Sun, Aug 16, 2015 - Page 12 News List

Rising up from the ashes

Germany and Japan emerged from World War II to become global economic powerhouses in a few decades


An assembly line for the Toyota Prius at the company’s plant in Toyota on Dec. 4 last year.


Germany and Japan rose from the ashes of World War II to become global economic powerhouses in a few decades. But how did they achieve this remarkable feat so quickly, and what is the legacy of these parallel economic “miracles” today?

What was the state of both countries after World War II?

Both nations lay in ruins.

A significant proportion of the Japanese population was wiped out during World War II, including an estimated 210,000 people in the atomic bombings of Hiroshima and Nagasaki alone.

Germany had also lost millions of soldiers and civilians, with hundreds of thousands more killed in occupied eastern Europe.

British and US bombardments of German cities such as Dresden, conducted with conventional and incendiary explosives, caused a firestorm that killed up to 25,000 people and wiped out the historic city center.

A quarter of Japan’s national wealth evaporated during the war.

By 1945, Germany was under the control of the Allied Powers in Europe: the US, the USSR, Britain and France.

Japan was occupied by the US after its formal surrender.


Japan became the second largest economy in the world after the US in 1968, experiencing average growth of up to nine percent per year between 1955 and 1973.

The German Wirtschaftswunder economic miracle accelerated even faster, transforming West Germany into the world’s second largest economic powerhouse by the 1950s.

“Unlike Germany, carved up by four victorious allies, Japan had to engineer its recovery while occupied by a single power,” professor Tag Murphy recounts in a recent book, entitled Japan and the Shackles of the Past.

“The United States took on responsibility for Japan’s security,” allowing it to focus on its economic recovery.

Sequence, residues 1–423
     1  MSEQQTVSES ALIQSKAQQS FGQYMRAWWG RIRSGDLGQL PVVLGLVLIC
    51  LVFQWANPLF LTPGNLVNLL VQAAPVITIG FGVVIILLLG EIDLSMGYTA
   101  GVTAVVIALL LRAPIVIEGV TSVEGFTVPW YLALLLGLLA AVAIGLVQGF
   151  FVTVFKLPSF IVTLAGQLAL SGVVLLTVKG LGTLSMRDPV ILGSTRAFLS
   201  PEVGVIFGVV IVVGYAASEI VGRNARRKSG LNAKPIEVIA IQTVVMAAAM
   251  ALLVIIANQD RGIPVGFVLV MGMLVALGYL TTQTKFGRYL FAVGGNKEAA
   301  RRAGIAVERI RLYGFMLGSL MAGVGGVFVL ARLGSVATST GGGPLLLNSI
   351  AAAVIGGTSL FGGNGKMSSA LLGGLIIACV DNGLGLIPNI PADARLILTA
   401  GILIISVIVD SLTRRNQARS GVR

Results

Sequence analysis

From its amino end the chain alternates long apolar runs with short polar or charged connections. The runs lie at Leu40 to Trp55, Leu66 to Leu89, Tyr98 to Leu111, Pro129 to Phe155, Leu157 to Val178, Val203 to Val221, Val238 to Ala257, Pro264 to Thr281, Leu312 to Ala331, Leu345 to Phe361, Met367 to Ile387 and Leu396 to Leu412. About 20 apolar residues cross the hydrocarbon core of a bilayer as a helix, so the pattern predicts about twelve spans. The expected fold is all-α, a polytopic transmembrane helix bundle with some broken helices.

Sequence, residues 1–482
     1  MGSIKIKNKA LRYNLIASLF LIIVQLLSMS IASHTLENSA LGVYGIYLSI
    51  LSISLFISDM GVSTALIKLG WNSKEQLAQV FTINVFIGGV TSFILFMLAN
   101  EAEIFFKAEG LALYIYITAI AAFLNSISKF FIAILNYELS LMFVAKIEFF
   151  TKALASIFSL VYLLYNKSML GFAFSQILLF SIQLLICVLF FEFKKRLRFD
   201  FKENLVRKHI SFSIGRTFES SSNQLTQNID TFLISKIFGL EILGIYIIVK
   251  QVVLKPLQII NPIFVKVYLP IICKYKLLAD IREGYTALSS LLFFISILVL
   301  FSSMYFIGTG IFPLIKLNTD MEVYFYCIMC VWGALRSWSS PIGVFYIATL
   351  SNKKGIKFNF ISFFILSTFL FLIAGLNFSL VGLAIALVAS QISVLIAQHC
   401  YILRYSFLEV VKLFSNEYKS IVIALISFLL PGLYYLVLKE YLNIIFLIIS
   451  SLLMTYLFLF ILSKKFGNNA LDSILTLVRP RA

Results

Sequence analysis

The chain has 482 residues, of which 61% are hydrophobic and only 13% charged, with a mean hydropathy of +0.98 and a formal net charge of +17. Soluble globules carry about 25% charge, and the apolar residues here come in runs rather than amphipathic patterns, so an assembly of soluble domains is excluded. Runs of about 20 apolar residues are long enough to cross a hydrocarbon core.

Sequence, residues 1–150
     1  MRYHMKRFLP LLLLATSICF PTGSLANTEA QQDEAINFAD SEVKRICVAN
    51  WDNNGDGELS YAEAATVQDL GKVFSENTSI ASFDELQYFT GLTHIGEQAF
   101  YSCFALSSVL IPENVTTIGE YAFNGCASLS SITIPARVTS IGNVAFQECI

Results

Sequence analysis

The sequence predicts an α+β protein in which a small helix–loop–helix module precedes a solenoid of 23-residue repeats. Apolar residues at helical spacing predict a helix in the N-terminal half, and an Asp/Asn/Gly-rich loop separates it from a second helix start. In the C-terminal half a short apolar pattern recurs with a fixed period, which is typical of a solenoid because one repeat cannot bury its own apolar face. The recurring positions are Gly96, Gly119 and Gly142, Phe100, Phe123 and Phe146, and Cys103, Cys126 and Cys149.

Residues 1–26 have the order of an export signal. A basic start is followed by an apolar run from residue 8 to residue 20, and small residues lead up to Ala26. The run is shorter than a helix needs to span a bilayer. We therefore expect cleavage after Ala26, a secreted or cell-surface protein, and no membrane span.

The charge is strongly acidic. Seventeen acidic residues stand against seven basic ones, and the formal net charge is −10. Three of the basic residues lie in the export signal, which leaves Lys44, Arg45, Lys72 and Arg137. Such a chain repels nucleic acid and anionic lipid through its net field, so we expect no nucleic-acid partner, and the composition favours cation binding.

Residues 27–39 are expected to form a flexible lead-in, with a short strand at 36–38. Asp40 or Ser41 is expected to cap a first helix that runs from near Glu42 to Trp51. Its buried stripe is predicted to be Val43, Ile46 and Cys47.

In 1949, Germany split into two countries, with the occupied zones belonging to the three Western powers merging to form the Federal Republic of Germany (FRG), while the Soviets established the German Democratic Republic (GDR).

The two Germanys would only formally reunify in 1990.

The FRG received US$1.3 billion in aid for reconstruction from the US-financed Marshall Plan, but the leader of the USSR, Joseph Stalin, refused American money for the GDR.

The London Debt Agreement of 1953 saw 60 percent of German loans and reparations written off.

The establishment of a West German economy built along capitalist lines by conservative chancellor Konrad Adenauer and his finance minister Ludwig Erhard saw the country rapidly prosper between 1946 and 1975, with annual growth at around seven percent, although it also experienced recession during those years.

Unemployment fell from 11 percent in 1950 to 0.7 percent in 1965.

The US occupation of Japan lasted until 1952, during which time attempts were made to dismantle Japanese business conglomerates known as zaibatsu.

The Korean War of 1950-53 was a boom time for Japanese firms, whose technological and manufacturing prowess was in high demand by US forces.

Simultaneously, increasing wages in Japan created consumer demand for domestic appliances and other goods.


In Japan and Germany, the economic turnaround was driven by firms with strong employee loyalty gained by the promise of rising wages and jobs for life, as well as innovative products that were exported worldwide.

Whether they were pre-war conglomerates such as Mitsubishi or Sumitomo, smaller pre-war companies like automaker Toyota or new firms representing now-familiar brands — such as consumer electronics giant Sony and car manufacturer Honda — Japanese firms were rigidly hierarchical institutions that closely resembled a family or religious institution, according to experts.

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